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With ever-increasing threats from pests and diseases, it's important for gardeners to be alert and try to prevent problems taking hold
Keeping our gardens free of pests and diseases has always been high on gardeners’ agendas. With the frequent appearance of novel diseases and pests from abroad, planning for healthy gardens has become even more urgent.
The arrival of new pests and diseases in the UK is linked to the rise in the volume and diversity of plants being imported. Changes in climate, especially warmer winters, may also enable more pests and diseases to become established in our gardens
One of the most common ways for pests and diseases to enter gardens is on new plants, or in associated soil.
Good plant husbandry can reduce the impact of pests and diseases. Strong, healthy plants are more resilient and are less likely to be severely affected by pests and diseases. Mulching can not only feed plants to increase their vigour but may also prevent some pests and diseases leaving the soil and infecting the above-ground parts of your plants.
Keeping your garden clean and tidy helps to reduce pests and diseases. Cleaning garden tools, greenhouses and water butts also reduces the spread of pests and diseases and reduces the chances that they will threaten your garden in the next growing season.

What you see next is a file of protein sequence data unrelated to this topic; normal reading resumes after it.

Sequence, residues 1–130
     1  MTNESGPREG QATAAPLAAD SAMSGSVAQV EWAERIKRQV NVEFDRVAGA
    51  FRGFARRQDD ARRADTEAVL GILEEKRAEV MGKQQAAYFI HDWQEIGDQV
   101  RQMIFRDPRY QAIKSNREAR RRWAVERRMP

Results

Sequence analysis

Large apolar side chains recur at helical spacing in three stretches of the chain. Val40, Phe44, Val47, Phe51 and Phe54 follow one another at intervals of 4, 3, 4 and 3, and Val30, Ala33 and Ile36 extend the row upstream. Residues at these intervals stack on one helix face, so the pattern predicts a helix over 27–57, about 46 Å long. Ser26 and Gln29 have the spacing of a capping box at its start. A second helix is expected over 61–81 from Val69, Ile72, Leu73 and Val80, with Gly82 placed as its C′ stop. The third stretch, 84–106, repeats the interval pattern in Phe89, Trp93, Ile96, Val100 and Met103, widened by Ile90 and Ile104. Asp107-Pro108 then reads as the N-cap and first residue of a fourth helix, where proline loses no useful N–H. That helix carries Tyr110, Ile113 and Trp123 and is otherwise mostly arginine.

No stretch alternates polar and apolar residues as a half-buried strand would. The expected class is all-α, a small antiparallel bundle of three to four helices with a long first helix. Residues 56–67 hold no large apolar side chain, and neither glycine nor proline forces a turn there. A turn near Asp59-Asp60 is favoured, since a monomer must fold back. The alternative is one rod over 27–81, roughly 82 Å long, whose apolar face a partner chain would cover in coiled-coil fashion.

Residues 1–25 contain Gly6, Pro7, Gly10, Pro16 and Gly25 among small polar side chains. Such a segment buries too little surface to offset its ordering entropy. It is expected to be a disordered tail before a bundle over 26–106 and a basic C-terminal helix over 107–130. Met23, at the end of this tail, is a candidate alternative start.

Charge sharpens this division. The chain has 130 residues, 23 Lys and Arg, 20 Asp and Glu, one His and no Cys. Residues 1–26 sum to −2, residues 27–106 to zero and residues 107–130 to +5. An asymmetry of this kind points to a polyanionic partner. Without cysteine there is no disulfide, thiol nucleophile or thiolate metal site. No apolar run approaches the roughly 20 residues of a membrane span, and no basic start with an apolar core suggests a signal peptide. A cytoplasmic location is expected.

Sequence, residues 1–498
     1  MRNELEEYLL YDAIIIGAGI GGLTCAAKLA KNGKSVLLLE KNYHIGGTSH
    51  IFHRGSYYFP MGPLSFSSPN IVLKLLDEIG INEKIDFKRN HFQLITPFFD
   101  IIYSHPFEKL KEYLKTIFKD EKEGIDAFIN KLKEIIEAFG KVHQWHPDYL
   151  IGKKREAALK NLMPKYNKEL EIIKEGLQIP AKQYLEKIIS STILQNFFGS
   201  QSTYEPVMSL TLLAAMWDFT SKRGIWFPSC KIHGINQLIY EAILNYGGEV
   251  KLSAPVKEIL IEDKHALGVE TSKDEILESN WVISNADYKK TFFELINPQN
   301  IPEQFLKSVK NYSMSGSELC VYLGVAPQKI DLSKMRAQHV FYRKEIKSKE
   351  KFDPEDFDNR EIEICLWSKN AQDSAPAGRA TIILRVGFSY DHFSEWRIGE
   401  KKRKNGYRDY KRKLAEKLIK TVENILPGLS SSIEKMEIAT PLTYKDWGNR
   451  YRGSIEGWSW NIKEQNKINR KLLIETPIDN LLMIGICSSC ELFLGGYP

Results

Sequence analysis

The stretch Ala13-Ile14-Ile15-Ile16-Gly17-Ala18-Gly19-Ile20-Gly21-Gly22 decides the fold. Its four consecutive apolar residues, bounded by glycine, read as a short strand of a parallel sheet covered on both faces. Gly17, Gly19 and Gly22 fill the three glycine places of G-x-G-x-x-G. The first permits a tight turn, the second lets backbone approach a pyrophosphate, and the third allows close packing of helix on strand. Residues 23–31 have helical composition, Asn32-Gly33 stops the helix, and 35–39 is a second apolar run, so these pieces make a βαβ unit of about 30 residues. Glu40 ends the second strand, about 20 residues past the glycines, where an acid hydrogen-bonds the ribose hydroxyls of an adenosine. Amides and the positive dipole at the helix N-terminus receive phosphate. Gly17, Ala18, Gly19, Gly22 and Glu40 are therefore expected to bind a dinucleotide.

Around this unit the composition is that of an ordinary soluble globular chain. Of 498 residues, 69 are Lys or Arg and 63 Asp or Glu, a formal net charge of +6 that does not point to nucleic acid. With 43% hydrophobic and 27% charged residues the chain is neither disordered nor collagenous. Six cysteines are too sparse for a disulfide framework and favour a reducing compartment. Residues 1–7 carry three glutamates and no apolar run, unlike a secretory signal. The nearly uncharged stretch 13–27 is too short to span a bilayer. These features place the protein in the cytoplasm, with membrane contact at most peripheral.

Keeping an eye out for pests and diseases means that problems are more likely to be noticed early and before they cause serious damage. Early detection is also likely to mean that the problem is easier to control. RHS web profiles are an excellent source of advice for specific pests and diseases.
RHS members can also make use of RHS Gardening Advice to access free diagnostic and control advice. The RHS will also provide advice to members of the public where a plant is suspected to be affected by an exotic pest or disease (not previously reported in the UK).
Garden waste affected by pests and diseases should be disposed appropriately.
Home composting can be used for most green waste; local green waste schemes compost at higher temperatures and therefore kill more pests and diseases
Burning or disposal at a council refuse site is best practice for woody plants, and material affected by persistent pests and diseases.
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Entomology (plant pests)
Pathology (plant diseases)
Read more about new pest and disease risks
The Royal Horticultural Society is the UK’s leading gardening charity. We aim to enrich everyone’s life through plants, and make the UK a greener and more beautiful place.